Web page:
How Health Insurers and Brokers Are Marketing Medicare

Executive Summary

Most of the 65 million beneficiaries who receive health insurance coverage through the federal Medicare program are enrolled in some form of private plan. In 2023, 31 million Medicare beneficiaries are enrolled in Medicare Advantage (Medicare Part C) plans administered by private health insurers. The other 34 million beneficiaries are in traditional Medicare, including 22 million beneficiaries who are enrolled in a Medicare Part D prescription drug plan offered by private sponsors, and more than 14 million who have Medicare supplemental insurance (Medigap) offered by private insurers (traditional Medicare beneficiaries may be enrolled in a Part D plan, a Medigap plan, or both).

Private plan offerings have grown in recent years, most notably in the Medicare Advantage market. More Medicare Advantage plans are available in 2023 than in any prior year. Medicare Advantage enrollment has doubled since 2010, due in part to extensive marketing efforts and the draw of extra benefits and attractive cost features. Each year, beginning on October 1st, insurers, as well as brokers and other third-party entities, are permitted to begin marketing Medicare Advantage for the annual open enrollment period for coverage in the following year. The open enrollment period for Medicare Advantage and Medicare Part D plans runs from October 15th through December 7th. Television ads are one of many marketing activities used by insurers, brokers and other third-party entities to boost enrollment.

Recently, the Centers for Medicare and Medicaid (CMS) has reported a steep rise in beneficiary complaints related to the marketing of Medicare Advantage and Part D plans. Many of these complaints have centered on the activities of brokers and other third-party entities, referencing misleading claims and aggressive sales tactics. Concerns raised by the National Association of Insurance Commissioners and in a report released by the majority staff of the U.S. Senate Committee on Finance have also called attention to this issue. In response, CMS published updated regulations, effective June 2022, mandating stricter oversight of these third parties by the insurers they represent. Additional CMS requirements intended to curtail misleading marketing activities came into effect in June 2023, and will apply to the open enrollment period for 2024 coverage and beyond.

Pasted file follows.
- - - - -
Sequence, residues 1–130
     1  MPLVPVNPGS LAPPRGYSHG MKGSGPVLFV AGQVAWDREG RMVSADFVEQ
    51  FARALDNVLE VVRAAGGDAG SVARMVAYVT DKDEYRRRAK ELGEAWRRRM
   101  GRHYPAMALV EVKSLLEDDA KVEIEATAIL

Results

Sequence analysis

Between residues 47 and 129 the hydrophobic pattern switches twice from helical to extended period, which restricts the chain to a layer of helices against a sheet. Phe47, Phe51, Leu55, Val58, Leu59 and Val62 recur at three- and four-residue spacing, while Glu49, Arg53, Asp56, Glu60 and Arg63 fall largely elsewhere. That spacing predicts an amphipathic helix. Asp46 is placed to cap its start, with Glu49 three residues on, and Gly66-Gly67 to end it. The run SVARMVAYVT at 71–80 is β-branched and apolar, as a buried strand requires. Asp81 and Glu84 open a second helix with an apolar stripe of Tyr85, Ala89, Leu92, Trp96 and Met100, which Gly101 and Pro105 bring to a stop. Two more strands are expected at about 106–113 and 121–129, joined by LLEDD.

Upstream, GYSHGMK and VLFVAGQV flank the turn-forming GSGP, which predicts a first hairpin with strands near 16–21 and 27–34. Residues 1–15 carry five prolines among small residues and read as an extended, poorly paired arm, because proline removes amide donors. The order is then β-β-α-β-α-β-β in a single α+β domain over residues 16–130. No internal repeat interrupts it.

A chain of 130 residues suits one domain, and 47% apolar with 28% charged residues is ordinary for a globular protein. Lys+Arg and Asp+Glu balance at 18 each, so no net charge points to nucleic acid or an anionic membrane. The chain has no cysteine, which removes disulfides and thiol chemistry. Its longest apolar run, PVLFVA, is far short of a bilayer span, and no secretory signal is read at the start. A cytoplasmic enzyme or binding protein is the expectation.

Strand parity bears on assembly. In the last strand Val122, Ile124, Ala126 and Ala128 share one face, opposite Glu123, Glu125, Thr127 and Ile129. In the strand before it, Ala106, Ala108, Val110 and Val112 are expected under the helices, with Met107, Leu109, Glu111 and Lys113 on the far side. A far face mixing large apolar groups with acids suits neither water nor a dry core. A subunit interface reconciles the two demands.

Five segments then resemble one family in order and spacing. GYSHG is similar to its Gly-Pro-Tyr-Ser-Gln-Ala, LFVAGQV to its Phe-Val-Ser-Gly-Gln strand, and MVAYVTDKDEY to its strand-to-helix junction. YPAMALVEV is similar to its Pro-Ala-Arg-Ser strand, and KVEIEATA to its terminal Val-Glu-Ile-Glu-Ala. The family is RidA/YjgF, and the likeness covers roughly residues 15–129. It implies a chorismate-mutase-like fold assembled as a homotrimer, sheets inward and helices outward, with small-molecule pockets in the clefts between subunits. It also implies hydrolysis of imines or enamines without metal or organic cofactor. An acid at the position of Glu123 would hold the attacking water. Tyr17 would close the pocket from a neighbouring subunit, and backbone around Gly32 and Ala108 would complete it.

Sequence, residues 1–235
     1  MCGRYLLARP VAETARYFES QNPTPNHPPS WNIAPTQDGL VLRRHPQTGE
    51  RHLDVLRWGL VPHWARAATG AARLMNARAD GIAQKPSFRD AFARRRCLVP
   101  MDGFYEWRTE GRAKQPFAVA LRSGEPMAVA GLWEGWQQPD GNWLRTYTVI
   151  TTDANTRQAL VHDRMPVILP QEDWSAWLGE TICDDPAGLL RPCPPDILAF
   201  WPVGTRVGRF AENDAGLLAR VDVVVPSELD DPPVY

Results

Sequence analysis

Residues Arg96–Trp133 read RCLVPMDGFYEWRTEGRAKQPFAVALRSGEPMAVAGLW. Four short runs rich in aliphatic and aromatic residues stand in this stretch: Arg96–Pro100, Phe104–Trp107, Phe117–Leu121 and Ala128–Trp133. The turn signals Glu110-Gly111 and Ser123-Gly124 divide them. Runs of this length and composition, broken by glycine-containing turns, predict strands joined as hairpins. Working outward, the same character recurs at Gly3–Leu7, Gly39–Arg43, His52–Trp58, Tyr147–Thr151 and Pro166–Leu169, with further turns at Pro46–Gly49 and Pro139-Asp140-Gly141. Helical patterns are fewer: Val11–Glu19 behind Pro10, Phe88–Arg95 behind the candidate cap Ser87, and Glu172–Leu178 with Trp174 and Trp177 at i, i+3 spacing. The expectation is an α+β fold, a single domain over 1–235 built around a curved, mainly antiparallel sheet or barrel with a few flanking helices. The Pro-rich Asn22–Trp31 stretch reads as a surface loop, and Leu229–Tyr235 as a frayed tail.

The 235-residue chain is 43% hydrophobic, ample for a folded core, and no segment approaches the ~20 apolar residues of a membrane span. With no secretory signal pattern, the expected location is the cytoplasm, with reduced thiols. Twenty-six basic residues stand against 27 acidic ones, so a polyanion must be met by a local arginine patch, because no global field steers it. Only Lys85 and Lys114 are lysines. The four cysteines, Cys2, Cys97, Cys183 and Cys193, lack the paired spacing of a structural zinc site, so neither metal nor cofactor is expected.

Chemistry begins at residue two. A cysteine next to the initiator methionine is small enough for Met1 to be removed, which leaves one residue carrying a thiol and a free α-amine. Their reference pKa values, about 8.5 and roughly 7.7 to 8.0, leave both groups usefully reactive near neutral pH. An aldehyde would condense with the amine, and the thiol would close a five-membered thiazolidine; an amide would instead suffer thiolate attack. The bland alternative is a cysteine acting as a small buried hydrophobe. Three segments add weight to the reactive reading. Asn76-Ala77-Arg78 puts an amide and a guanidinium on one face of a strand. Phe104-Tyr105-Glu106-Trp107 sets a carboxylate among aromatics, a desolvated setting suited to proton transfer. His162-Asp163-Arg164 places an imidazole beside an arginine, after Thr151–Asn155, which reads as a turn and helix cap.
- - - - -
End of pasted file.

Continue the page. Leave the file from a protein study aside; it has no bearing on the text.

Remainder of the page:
To capture the state of television marketing activities and consider the implications for people with Medicare, KFF analyzed ad data compiled by the Wesleyan Media Project, that were obtained from Vivvix (formerly Kantar) CMAG, a data analytics and consulting firm, and were coded by the Wesleyan Media Project in collaboration with KFF. The data set included all English-language TV ads that aired across national and local markets on broadcast television or national cable, from October 1st, 2022, through December 7th, 2022, the period that includes the Medicare open enrollment period for coverage in 2023. (see Methods).

Key Takeaways:

  • TV airways were flooded with ads for Medicare plans. Nearly 650,000 airings of Medicare ads appeared during the nine weeks of advertising, more than 9,500 airings per day. Most of these ads were aired in local media markets. While most TV ads were sponsored by health insurers, about one in every five TV ads were sponsored by brokers and other third-party entities, such as marketing firms.
  • TV ads for Medicare Advantage comprised more than 85% of all airings for the open enrollment period for 2023. The remaining ads focused on other types of plans, such as Medigap and stand-alone Part D prescription drug plans, or promoted the open enrollment period more generally. Medicare Advantage ads were disproportionately sponsored by health insurers who offer plans that comprise a relatively small share of Medicare Advantage enrollees.